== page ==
On the 16th of July 1486, Andrea del Sarto was born in Florence. Sarto’s family name was likely to be Lanfranchi, and his father seems to have been a tailor. Little is known about his childhood perhaps because they were quite uneventful. With two short exceptions, he lived in Florence.
The Portrait of a Sculptor, perhaps Andrea del Sarto’s self-portrait.
Del Sarto was a pupil of Piero di Cosimo. In his lifetime, he was considered a very important Italian painter, and his artistic career flourished during the eras of High Renaissance and early Mannerism. Nowadays he is often forgotten by art lovers and even by art historians because after his death, his works were eclipsed by the talents of other illustrious Renaissance painters such as Leonardo da Vinci, Michelangelo, Titian, Raphael, and some others.
During his lifetime, Del Sarto was viewed as ‘a faultless painter’. His art was rooted in traditional 15-th century painting and techniques associated with it, but he also masterfully combined them with Leonardo da Vinci’s sfumato (this painting technique means blending the edge between colors in the way that creates soft transitions between light and dark tones), and with Raphael’s compositional harmony in a style which was typical in classical Renaissance paintings. Del Sarto commenced producing independent work about 1506, but most of his wonderful works were created later. In the early years of his career, Rosso Fiorentino and Jacopo da Pontormo were his pupils. His awesome works are ‘Portrait of a Sculptor’ (possibly Del Sarto’s self-portrait), ‘Assumption of the Virgin’ dated 1530, and his masterpiece ‘The Last Supper in San Salvi’ produced between 1511-1527. But his most fabulous masterpiece is the grisaille series of frescoes on the life of St. John the Baptist in the Chiostro dello Scalzo in Florence, which were painted in gray monochrome between 1513 and 1526.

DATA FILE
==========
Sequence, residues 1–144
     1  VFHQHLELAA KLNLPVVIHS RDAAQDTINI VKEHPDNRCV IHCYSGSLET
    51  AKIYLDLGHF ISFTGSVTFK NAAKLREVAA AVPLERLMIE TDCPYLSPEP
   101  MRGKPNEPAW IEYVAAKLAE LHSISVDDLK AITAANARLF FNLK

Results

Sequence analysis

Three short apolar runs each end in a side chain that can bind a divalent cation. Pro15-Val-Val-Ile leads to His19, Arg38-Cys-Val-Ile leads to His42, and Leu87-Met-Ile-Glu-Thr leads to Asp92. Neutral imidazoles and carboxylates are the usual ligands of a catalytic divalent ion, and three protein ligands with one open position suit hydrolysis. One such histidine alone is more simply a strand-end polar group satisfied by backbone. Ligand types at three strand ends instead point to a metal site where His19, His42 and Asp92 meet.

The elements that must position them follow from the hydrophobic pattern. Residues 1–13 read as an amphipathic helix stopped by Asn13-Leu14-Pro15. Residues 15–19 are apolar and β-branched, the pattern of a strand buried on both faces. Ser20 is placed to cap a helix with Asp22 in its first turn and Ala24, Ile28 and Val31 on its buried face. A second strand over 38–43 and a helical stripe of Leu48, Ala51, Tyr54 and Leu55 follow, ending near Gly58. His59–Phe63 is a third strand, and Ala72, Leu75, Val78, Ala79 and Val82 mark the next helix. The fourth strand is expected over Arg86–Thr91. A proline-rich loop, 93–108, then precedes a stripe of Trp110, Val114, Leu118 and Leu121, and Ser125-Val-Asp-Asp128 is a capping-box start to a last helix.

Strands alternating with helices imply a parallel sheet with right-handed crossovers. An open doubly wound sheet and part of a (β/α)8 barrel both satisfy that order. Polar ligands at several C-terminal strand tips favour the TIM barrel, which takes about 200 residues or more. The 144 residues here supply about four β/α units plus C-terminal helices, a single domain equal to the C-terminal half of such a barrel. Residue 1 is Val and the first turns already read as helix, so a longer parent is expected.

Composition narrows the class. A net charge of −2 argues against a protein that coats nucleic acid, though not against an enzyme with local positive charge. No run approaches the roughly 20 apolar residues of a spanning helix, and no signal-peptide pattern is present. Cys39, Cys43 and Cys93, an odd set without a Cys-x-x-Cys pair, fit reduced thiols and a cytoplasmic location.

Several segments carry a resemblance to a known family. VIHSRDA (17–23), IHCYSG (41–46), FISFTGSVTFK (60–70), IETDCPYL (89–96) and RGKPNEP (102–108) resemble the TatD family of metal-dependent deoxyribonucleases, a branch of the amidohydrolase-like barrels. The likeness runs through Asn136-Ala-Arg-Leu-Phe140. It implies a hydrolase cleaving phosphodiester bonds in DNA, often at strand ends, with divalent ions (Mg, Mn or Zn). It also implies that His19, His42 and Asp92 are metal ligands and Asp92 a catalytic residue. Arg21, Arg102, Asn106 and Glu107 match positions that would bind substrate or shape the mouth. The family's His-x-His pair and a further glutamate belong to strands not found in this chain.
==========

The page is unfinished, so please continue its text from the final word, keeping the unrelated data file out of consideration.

Frescoes by Andrea del Sarto in the Chiostro dello Scalzo, Florence
Andrea del Sarto could also be involved in the development of the French Renaissance, if not for his personal life. In 1518, the art-loving King François I of France invited the painter to Fontainebleau. However, the artist’s wife, Lucrezia del Fede, who was left in Florence, sent to him many letters, in which she expressed how much she missed her beloved, begging him to come back. For her love, Del Sarto sacrificed the popularity he could accomplish in France and returned to Florence just to be reunited with his spouse. It is interesting that the painter’s wife had posed as a model for his works during the several years preceding their marriage in 1517.
Del Sarto died of bubonic plague in Florence at age of 43 in 1530. He left a legacy to be treasured and admired, despite the fact that later, he was eclipsed by some of his talented contemporaries. Nevertheless, the most significant Florentine painters of the first half of the 16th century such as Giorgio Vasari, Jacopo Pontormo, Rosso Fiorentino (he worked at François I’s court!), and Francesco Salviati were highly influenced by del Sarto’s style.
All images are in the public domain.
Text © 2019 Olivia Longueville